Shawn Lawlor of the University of Maine prepares for a pitch during and America East baseball against Binghamton University at Mahaney Diamond in Orono. The Black Bears are battling to make the conference playoffs. Credit: Courtesy of Peter Buehner

Looking at the statistics, you wouldn’t expect the University of Maine baseball team to be in last place in Division A of America East baseball.

This season, the league was divided into two, four-team divisions, and the top two in each qualify for the playoffs.

Even though UMaine’s .266 batting average ranks second among the eight conference teams and its 4.70 earned run average is third, the Black Bears are 11-14 in Division A with eight games left.

The good news is, the Black Bears (16-17) are well within striking distance of a playoff spot heading into the last two weekends of the regular season.

Division leader Albany is 16-14, Hartford is 15-15 and UMass Lowell is 14-16.

“If we win our last two series, we’ll be in the playoffs. We won’t need any help,” said UMaine head coach Nick Derba, who is confident his team is capable of doing so.

“It’s the craziest thing. I always think we’re the best team on the field but our record doesn’t show it,” Derba said. “It’s frustrating.”

UMaine travels to Hartford for a four-game set this weekend and hosts Albany for four the following weekend.

“This is the most confusing team I’ve been a part of in my entire career,” said Derba, who took over as the interim head coach in 2017 when Steve Trimper left to take the head coaching job at Stetson University.

UMaine got off to a positive start with a 7-5 record in America East games, but has since gone 4-9, including losing six of eight contests against UMass Lowell.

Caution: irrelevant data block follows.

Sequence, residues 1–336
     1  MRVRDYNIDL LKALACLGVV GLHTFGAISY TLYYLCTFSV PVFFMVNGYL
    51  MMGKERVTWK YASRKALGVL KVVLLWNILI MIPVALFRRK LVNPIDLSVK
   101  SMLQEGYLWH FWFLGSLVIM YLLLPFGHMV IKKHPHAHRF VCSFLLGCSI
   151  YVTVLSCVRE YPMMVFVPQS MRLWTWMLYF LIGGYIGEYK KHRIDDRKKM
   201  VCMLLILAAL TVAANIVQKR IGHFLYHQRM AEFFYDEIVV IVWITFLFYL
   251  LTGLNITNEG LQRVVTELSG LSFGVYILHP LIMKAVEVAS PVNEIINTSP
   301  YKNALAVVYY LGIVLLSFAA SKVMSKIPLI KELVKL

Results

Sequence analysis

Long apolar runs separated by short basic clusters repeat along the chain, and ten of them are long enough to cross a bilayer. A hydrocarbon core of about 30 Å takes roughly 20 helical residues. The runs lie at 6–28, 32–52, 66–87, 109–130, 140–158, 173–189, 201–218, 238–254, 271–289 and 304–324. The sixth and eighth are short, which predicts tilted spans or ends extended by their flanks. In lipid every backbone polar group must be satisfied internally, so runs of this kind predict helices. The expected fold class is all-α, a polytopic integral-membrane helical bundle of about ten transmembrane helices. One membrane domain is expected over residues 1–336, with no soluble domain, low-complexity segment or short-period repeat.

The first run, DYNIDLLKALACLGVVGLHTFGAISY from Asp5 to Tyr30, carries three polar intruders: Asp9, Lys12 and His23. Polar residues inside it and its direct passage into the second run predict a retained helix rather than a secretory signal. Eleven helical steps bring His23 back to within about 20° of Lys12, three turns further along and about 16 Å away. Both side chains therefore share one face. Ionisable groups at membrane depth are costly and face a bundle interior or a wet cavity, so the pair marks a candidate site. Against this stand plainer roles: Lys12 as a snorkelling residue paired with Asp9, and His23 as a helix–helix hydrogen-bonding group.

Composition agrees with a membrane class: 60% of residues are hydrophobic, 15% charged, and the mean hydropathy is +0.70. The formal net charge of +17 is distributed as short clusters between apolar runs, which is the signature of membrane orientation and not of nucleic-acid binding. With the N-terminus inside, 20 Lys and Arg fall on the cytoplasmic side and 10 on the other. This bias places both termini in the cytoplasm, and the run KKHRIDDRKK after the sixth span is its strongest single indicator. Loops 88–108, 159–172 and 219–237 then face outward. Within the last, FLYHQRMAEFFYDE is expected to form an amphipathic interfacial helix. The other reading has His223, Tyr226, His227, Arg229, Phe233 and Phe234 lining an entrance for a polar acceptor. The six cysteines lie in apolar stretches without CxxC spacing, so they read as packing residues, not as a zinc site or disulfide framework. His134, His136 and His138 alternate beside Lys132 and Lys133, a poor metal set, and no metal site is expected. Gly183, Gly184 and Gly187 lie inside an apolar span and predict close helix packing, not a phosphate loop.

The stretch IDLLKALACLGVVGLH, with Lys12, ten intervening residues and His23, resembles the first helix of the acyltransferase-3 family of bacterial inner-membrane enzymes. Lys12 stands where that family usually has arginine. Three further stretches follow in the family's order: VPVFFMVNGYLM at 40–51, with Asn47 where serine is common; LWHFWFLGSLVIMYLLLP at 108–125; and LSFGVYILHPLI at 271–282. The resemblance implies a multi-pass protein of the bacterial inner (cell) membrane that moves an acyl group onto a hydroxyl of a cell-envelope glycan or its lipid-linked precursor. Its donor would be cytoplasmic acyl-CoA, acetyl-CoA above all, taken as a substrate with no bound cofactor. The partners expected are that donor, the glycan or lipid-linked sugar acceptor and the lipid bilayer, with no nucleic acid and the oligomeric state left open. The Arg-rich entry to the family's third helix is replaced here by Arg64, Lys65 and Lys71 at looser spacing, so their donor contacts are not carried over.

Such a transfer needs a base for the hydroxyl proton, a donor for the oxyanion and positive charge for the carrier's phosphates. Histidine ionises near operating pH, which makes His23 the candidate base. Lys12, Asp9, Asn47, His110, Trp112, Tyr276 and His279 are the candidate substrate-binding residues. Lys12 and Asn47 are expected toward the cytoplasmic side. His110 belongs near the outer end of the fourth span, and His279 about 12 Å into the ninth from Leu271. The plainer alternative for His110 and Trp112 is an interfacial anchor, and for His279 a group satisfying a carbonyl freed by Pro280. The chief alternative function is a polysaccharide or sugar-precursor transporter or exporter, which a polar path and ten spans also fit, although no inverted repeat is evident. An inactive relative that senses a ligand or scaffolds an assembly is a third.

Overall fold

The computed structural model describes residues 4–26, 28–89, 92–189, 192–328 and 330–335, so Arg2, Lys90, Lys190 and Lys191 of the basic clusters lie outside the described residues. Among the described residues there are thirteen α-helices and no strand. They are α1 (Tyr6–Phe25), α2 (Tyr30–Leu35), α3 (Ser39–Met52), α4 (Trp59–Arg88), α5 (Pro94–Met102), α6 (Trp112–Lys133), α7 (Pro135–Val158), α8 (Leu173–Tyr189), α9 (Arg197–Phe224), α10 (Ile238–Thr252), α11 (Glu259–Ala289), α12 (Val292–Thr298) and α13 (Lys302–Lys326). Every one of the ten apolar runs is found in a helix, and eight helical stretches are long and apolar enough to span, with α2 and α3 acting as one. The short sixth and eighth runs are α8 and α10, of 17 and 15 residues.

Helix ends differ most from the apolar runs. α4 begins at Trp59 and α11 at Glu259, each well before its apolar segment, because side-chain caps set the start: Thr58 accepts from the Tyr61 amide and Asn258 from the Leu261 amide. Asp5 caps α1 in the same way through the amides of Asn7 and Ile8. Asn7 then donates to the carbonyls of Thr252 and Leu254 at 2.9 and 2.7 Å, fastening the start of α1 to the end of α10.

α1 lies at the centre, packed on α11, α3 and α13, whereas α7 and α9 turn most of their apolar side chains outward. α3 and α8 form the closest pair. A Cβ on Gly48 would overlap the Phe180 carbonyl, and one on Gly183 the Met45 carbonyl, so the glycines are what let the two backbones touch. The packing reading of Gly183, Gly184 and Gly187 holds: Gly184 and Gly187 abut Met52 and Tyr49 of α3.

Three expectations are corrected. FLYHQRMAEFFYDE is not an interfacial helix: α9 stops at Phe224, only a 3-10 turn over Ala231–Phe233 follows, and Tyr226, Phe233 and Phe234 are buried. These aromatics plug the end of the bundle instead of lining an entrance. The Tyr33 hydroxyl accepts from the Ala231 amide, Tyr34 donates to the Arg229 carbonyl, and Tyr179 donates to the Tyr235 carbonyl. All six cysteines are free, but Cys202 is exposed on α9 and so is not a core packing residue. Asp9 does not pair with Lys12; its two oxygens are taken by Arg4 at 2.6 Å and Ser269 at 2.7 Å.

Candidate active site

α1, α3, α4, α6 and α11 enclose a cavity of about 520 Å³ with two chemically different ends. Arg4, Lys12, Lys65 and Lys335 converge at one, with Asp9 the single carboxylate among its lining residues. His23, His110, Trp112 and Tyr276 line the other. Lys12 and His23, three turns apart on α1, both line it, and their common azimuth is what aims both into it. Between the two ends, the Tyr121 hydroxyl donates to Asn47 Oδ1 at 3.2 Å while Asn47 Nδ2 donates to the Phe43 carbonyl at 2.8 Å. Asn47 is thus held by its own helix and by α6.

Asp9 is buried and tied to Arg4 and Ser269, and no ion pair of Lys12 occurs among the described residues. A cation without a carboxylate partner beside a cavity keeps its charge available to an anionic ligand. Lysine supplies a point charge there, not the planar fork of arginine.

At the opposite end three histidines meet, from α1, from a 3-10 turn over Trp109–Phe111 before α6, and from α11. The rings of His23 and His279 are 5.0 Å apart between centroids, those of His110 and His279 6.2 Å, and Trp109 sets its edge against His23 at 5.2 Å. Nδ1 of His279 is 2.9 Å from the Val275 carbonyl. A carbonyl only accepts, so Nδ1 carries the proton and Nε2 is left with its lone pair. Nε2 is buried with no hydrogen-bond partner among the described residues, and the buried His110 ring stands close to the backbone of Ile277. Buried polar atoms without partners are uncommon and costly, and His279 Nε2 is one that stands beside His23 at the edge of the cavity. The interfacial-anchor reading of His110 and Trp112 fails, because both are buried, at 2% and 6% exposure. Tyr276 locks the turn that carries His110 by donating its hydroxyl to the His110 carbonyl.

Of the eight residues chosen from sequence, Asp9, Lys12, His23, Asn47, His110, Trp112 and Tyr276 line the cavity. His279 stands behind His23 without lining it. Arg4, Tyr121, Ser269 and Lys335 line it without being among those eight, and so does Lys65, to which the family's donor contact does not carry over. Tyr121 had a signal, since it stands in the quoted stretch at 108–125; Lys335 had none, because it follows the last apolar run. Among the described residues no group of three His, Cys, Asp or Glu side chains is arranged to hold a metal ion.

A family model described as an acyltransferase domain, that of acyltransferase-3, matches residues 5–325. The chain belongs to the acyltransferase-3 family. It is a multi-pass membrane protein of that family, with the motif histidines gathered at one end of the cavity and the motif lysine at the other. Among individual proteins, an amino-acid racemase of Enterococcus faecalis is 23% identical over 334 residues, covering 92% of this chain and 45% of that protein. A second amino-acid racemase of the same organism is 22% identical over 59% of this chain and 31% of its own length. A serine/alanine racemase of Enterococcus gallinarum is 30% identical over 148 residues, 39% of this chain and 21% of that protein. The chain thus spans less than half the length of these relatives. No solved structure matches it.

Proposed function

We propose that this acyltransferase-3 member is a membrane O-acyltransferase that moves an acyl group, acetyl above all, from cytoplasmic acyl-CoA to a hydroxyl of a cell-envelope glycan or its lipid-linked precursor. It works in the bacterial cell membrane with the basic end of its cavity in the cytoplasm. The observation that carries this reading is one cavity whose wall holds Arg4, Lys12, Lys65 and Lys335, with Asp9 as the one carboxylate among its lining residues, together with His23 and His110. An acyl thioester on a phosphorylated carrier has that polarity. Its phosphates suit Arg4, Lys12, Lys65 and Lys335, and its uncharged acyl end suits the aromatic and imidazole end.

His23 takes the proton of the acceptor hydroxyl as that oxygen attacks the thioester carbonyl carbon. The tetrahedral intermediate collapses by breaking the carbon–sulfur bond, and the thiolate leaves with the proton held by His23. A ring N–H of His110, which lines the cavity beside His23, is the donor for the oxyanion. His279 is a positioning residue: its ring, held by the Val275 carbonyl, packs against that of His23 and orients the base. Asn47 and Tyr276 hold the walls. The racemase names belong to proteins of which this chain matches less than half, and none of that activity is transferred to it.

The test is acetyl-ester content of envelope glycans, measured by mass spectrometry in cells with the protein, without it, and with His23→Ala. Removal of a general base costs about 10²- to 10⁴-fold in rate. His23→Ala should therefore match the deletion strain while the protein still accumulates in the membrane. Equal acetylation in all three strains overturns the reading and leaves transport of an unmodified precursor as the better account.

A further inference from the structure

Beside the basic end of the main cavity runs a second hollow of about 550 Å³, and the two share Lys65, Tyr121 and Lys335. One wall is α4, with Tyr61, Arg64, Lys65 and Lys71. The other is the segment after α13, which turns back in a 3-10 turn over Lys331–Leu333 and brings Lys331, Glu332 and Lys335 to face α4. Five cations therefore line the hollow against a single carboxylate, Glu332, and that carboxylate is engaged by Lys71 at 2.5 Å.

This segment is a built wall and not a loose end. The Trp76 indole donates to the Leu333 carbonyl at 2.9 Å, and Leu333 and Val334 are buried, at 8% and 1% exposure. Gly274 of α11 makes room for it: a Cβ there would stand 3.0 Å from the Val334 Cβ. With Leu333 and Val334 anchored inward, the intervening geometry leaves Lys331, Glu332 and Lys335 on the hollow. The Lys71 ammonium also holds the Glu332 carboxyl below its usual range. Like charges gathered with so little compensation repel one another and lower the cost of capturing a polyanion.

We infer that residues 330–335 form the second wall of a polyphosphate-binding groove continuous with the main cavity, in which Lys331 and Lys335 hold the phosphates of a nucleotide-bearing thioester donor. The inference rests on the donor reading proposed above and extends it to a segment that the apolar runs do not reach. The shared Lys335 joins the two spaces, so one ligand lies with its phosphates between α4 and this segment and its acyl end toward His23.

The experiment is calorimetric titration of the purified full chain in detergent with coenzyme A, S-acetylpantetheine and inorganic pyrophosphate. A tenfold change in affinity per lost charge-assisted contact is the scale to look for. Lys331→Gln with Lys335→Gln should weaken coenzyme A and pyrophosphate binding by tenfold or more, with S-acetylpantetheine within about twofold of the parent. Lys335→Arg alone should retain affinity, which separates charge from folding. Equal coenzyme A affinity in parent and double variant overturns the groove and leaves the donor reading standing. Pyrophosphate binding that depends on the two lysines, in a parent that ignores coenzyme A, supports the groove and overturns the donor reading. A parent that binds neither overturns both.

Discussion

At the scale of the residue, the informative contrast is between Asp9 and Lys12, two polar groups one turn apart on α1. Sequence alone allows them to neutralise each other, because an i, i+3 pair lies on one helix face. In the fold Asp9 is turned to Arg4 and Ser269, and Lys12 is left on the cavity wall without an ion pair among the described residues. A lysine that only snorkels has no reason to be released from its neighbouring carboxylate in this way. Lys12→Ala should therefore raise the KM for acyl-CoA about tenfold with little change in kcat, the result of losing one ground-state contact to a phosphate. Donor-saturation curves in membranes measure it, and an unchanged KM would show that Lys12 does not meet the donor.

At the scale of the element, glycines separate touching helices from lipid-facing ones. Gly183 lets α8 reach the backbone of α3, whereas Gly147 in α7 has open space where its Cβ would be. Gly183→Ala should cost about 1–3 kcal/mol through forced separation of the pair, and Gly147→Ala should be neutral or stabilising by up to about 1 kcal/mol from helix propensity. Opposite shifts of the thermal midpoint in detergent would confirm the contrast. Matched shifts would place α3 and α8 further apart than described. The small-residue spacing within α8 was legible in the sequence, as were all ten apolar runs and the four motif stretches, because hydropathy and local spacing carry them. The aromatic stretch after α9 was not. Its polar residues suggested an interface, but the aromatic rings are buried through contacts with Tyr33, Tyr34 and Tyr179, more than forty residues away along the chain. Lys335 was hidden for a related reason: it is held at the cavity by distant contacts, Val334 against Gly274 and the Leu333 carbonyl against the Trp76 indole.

Derba said the primary reason for his team’s record has been its inability to come up with clutch hits.

UMaine averages 5.7 runs per game and has scored eight runs or more 12 times. The Black Bears are averaging 6.9 runners left on base in league play, which includes back-to-back doubleheaders with a seven-inning game and a nine-inning contest each day.

“We aren’t scoring enough to win games,” he said.

The Black Bears have five of the league’s top 26 hitters in right fielder Sean Lawlor (.364, fourth in the conference), third baseman Connor Goodman (.302, 20th), left fielder Scout Knotts (.299, 21st), Eliot second baseman Quinn McDaniel (.297, 22nd) and center fielder Jeff Mejia (.288, 26th).

Flagler College transfer Lawlor ranks fourth in the league in on-base percentage (.445), sixth in hits (43), seventh in runs batted in (27) and slugging percentage (.559) and is tied for ninth in runs scored (29).

Knotts, a transfer from Shippensburg University, ranks fifth with 33 runs scored.

Lawlor and first baseman Joe Bramanti share the team lead with four home runs each.

Junior right-hander Nick Sinacola continues to have one of the best seasons in program history. He is 8-1 with a 1.41 earned run average. He leads the conference in wins, ERA and strikeouts with 107 in 57 1/3 innings. Hitters are batting .182 against him.

Three in-state pitchers also are having productive seasons. South Portland freshman Noah Lewis is 3-4 with a 4.14 ERA; Brewer redshirt senior Matt Pushard is 0-0 with a 3.62 ERA and Hampden redshirt junior Alex McKenney is 3-5 with a 4.50 ERA.

McKenney has allowed just one earned one in two of his last four starts and went seven innings in each. He is holding opposing hitters to a .208 average.

“He has been a bright spot and all three have been reliable,” said Derba, who also is pleased with freshman Tyler Nielsen (1-2, 3.94).

Despite his team’s inconsistency, which includes its fielding, Derba believes UMaine can finish strong and make the playoffs.

“I still think we’re a good team. I’m confident we can pull this off,” he said.